Discoveries that blew our minds in 2018: Part Two
This year was a big year for research - we asked University of Melbourne experts to review some of the amazing research, discoveries and big thinking of 2018.
The great (climate) depression
New University of Melbourne modelling shows the economics of some countries could collapse if global temperatures rise by 4 degrees Celsius this century.
Solving the productivity puzzle
In this episode of the University of Melbourne's Policy Shop podcast, Productivity Commission Chairman Peter Harris discusses the Shifting the Dial report.
Why do we measure everything and value nothing?
President of Ireland Michael D. Higgins questions neoliberalism and prioritising the economy over people, on the University of Melbourne's Policy Shop podcast.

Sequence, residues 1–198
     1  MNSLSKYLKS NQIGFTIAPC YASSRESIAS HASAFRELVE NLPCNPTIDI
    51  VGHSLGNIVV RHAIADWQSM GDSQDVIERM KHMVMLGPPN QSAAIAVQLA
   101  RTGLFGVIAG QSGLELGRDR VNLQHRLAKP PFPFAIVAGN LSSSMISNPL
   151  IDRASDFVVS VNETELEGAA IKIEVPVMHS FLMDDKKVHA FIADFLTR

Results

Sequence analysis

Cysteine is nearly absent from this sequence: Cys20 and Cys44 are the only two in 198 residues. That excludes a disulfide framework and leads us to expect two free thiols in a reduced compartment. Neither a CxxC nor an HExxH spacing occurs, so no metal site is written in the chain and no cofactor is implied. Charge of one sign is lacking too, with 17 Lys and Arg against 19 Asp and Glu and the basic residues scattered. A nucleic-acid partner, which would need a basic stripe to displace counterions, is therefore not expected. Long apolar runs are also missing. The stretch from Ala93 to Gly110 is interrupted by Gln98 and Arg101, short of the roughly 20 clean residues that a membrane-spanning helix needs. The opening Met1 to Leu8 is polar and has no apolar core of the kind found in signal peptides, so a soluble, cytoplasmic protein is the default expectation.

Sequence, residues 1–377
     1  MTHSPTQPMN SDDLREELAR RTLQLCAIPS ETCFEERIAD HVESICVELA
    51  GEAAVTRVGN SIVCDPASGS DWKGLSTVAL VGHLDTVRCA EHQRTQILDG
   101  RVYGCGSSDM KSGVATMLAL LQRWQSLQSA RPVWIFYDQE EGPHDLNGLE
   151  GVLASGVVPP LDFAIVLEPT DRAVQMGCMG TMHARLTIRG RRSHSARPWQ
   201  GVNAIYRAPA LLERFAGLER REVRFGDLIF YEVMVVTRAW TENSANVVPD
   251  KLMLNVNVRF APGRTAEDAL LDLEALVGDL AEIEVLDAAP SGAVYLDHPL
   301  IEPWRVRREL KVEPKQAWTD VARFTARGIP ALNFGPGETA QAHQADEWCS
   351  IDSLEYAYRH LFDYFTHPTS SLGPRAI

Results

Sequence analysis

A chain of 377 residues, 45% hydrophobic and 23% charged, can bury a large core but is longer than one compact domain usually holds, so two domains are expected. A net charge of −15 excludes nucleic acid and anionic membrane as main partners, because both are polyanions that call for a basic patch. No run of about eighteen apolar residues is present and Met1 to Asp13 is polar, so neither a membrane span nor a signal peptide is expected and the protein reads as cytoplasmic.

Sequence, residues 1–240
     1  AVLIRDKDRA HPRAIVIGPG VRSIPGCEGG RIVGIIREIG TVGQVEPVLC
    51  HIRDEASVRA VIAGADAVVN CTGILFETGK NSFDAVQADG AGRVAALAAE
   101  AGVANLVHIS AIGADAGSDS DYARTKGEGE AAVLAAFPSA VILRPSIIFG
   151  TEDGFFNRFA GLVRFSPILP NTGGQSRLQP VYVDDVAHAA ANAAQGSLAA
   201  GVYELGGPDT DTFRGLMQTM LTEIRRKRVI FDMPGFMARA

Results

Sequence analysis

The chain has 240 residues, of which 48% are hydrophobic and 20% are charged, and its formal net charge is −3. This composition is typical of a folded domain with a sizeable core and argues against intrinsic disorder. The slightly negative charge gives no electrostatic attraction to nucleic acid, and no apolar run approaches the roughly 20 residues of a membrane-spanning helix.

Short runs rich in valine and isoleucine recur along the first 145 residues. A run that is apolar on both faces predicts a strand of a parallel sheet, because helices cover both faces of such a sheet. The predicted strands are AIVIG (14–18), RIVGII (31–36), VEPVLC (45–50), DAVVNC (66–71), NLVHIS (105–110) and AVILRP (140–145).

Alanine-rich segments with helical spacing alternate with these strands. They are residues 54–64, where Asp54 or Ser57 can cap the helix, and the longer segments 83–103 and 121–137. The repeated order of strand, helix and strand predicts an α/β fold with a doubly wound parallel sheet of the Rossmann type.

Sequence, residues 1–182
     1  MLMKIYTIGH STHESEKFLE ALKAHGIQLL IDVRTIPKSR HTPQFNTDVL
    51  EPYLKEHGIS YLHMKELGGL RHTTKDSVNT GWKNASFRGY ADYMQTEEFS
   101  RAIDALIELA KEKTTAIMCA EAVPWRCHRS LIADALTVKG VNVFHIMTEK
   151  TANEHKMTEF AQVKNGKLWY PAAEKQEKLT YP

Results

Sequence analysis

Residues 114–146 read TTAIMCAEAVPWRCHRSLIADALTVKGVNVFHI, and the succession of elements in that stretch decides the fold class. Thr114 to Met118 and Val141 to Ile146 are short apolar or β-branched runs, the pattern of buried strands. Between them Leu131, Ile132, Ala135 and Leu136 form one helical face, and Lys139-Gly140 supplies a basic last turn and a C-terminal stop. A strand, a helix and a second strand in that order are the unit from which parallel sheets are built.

What 17 years of data tells us about Australia
The University of Melbourne's HILDA Survey has been running for 17 years, providing important insight into the financial and social wellbeing of Australians.
How attitudes disable
Social epidemiologist Eric Emerson argues we've yet to grasp how disability arises not from impairment but from the interaction between health and our society.
Outlook 2017: What we learned
Participants in the University of Melbourne's Economic and Social Outlook Conference 2017 discussed pressing issues including energy policy and welfare reform.
Lack of women in economics ‘bad for business’
There are too few women in senior roles in Australian economics and it's bad for business, argues senior University of Melbourne economist Abigail Payne.
China in Africa: Who benefits?
Economist Dr Lauren Johnston examines the evolving political and economic relationships between China and developing nations of Africa.
The algorithm for accessing child care
University of Melbourne research looks at how an economic theory could form an algorithm to help parents secure a much sought-after spot in child care.